Hervey Bay’s fierce protector, conservationist Ronda Cook
THE Hervey Bay foreshore would look different today had it not been for a fiery conservationist named Ronda Cook.
Dozens of fierce advocates of the Keep Hervey Bay Natural brigade fought the good fight in the eighties but none was more ardent than Ronda.
She moved to Hervey Bay in the 1950s with her husband Keith and their growing family, farming pineapples at Urraween before moving to Gatakers Bay.
Previous owners of their property had started to hand feed rainbow lorikeets daily and the Cooks continued this tradition and it soon became a very popular tourist attraction.
The couple ran the Parraweena Bird Sanctuary at Gatakers Bay in the days when the villages of Hervey Bay were advocating home rule from the Burrum Shire Council.
As Ronda's family of six grew, her interests extended outside the home.
The Hervey Bay Town Council, soon to be the Hervey Bay City Council, was dominated by real estate agents and prone to push through development-at-any-cost commercial precinct and residential estates.
The new city was polarised by the pro-development phalanx and the ardent conservationists led by Ronda and Shirley Jones.
Ronda was fearless in her crusade to stop high rise on the foreshore and development, or clearing, of the foreshore. She carried banners, challenged development applications, sat in front of bulldozers and climbed trees to prevent them from being felled.
She won a seat on the council and carried the conservative banner high from 1976 to 1982. Few council meetings were free of acrid clashes - usually Ronda against the rest. Passions ran high - at one stage Ronda tipped a jug of water over the head of the town clerk Tom Farr.
She lost more battles than she won but she made a big enough impact to sway a solid portion of the people of the fledgling city into believing the Bay should fight to retain its natural feel.
She was caustic and unpopular, aggressively confronting foreshore campers whom she believed might be snipping trees to improve their views, but revered by many as a champion of nature and natural Hervey Bay.
Her friend Bev Cornwell describes her as an "outspoken lady who stood up for all she believed in, be it the down trodden, the environment or any cause that she cared deeply about.
Bev describes Ronda as "Hervey Bay's one and only true blue greenie" who stood in front of trees to protect them from tractors.
When Ronda said "over my dead body" she literally meant it, recalls another friend, John Sinclair, with whom she helped found Fraser Island Defenders Organisation.
"She climbed some of those trees and sat there until the threat of the bulldozers was removed," he said.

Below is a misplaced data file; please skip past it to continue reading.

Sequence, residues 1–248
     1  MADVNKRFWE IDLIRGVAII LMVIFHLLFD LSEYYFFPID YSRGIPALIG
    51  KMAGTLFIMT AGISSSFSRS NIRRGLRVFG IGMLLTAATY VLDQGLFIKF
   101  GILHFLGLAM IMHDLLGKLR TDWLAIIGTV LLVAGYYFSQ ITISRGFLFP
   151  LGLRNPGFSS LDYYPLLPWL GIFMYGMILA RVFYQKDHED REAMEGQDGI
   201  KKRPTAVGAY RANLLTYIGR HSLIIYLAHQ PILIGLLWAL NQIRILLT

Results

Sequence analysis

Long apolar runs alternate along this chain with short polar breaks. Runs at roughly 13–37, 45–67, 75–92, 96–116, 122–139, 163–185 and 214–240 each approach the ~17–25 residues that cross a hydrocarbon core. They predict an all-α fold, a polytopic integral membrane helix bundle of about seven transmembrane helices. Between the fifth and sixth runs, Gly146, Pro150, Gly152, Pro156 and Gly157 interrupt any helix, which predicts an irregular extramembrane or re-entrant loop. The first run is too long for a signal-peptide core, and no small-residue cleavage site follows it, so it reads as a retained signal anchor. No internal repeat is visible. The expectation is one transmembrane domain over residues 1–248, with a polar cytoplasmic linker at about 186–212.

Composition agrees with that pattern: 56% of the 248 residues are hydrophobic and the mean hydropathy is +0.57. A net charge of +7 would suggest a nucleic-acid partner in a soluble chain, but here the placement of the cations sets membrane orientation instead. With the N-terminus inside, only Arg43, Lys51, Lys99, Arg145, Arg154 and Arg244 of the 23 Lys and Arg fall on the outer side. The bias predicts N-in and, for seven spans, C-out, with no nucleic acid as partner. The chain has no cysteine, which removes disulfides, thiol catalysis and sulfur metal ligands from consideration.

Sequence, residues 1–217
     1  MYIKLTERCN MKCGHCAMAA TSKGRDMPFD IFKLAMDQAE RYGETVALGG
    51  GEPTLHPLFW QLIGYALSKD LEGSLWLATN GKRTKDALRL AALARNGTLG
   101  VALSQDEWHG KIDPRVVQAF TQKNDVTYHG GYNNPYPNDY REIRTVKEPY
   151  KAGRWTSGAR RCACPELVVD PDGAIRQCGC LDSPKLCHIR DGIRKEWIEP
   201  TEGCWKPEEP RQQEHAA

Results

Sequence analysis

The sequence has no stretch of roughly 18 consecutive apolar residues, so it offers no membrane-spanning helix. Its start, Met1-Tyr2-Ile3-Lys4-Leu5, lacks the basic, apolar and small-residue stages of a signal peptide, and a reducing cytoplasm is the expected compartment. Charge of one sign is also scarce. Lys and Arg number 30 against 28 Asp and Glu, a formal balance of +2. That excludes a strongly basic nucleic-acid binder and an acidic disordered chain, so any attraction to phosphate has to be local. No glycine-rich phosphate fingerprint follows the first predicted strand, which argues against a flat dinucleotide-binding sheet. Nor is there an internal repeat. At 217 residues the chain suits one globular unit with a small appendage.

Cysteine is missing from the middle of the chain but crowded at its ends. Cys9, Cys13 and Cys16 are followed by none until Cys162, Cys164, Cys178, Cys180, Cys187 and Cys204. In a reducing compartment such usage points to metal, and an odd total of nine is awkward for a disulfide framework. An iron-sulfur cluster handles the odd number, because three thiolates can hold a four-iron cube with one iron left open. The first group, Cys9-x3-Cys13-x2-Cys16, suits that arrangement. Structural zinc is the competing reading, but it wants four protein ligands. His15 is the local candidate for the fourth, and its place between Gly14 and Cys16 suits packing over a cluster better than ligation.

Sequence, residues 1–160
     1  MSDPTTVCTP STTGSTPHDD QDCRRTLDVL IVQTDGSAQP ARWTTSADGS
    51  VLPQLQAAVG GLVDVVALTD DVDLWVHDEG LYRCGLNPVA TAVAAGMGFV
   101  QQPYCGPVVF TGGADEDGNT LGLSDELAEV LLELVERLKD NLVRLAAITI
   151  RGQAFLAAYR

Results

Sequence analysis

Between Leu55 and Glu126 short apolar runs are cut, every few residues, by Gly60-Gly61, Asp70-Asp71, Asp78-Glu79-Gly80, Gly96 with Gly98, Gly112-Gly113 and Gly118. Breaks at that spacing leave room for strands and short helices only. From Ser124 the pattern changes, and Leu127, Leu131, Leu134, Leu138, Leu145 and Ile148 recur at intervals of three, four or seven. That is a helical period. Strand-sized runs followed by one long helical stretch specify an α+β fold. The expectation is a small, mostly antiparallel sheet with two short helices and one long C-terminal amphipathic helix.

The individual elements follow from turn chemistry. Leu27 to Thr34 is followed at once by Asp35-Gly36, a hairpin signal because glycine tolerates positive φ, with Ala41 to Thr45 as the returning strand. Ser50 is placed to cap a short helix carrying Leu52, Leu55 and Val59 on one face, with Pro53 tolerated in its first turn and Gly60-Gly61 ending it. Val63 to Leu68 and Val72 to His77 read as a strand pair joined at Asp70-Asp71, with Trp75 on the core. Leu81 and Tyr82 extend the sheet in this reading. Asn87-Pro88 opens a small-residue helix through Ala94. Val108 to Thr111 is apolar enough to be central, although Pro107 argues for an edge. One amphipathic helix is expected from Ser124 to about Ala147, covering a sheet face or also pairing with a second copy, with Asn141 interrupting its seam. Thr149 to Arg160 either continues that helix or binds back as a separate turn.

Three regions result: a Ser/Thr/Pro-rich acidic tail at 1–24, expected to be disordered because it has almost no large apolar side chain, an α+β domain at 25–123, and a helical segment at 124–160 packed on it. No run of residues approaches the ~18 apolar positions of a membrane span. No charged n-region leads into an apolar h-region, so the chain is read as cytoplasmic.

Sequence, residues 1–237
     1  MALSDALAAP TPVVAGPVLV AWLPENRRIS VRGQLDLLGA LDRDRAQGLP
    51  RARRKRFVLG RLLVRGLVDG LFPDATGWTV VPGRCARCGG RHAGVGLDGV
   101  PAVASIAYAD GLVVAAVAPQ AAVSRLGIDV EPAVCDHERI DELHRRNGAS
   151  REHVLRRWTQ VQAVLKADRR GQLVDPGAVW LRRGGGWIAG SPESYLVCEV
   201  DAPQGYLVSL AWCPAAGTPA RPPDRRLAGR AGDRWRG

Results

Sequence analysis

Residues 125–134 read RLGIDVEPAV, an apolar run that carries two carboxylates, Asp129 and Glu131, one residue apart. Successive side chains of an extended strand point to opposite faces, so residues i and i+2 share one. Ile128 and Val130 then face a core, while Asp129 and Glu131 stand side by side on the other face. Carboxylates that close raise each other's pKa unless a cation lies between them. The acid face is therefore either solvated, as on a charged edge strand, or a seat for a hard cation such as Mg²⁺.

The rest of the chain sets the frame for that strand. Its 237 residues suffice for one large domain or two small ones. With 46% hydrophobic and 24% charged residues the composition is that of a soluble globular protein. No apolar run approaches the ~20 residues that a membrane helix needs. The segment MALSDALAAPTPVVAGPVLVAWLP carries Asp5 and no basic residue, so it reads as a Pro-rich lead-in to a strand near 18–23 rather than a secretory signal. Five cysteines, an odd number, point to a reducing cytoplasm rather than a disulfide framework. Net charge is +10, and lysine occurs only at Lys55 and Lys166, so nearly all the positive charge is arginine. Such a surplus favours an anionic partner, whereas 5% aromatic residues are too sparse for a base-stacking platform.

"Ronda Cook, Mary Hansen and Freda Goodsell were incredible stalwarts who never wavered in the face of the formidable opposition. However, Ronda managed to do this while occupied with family and her dedication to Aboriginal advancement. She was a stalwart for the Butchulla as well."
In 1982, Ronda and Freda Goodsell - both grandmothers - decided they shouldn't sit in Hervey Bay while the Franklin River in Tasmania was at imminent risk of flooding.
They went to Tasmania, where they endured incredible discomfort until they were arrested for supporting the blockade on the Gordon River. But they were proven right and played their part in letting the Franklin remain free.
She was also a leader of the Wide Bay Burnett Conservation Council.
The ardent activist was also involved in the campaign to stop the Traveston Dam.
"In 1983 I got thrown in prison for four days when I travelled to Tasmania to protest against the building of the Franklin dam on the Gordon River. They arrested me for trespassing on a national park. I didn't sit down quietly then and I'm certainly going to do all I can now to stop the Traveston dam going ahead.," the-then 77-year-old commented to the Fraser Coast Chronicle as she ran the last leg of the Get Up torch run on September 7, 2008, which aimed to highlight environmental sustainability, and spoke of her own experiences as an environmental protester.
She will be remembered as one of the Fraser Coast's most passionate and colourful characters, and a tireless campaigner for environmental causes.
Ronda Cook was born to Harold and Rona Gehrig on December 30, 1929, at Albury, NSW, she died on April 11 aged 84, at Kirami, Point Vernon.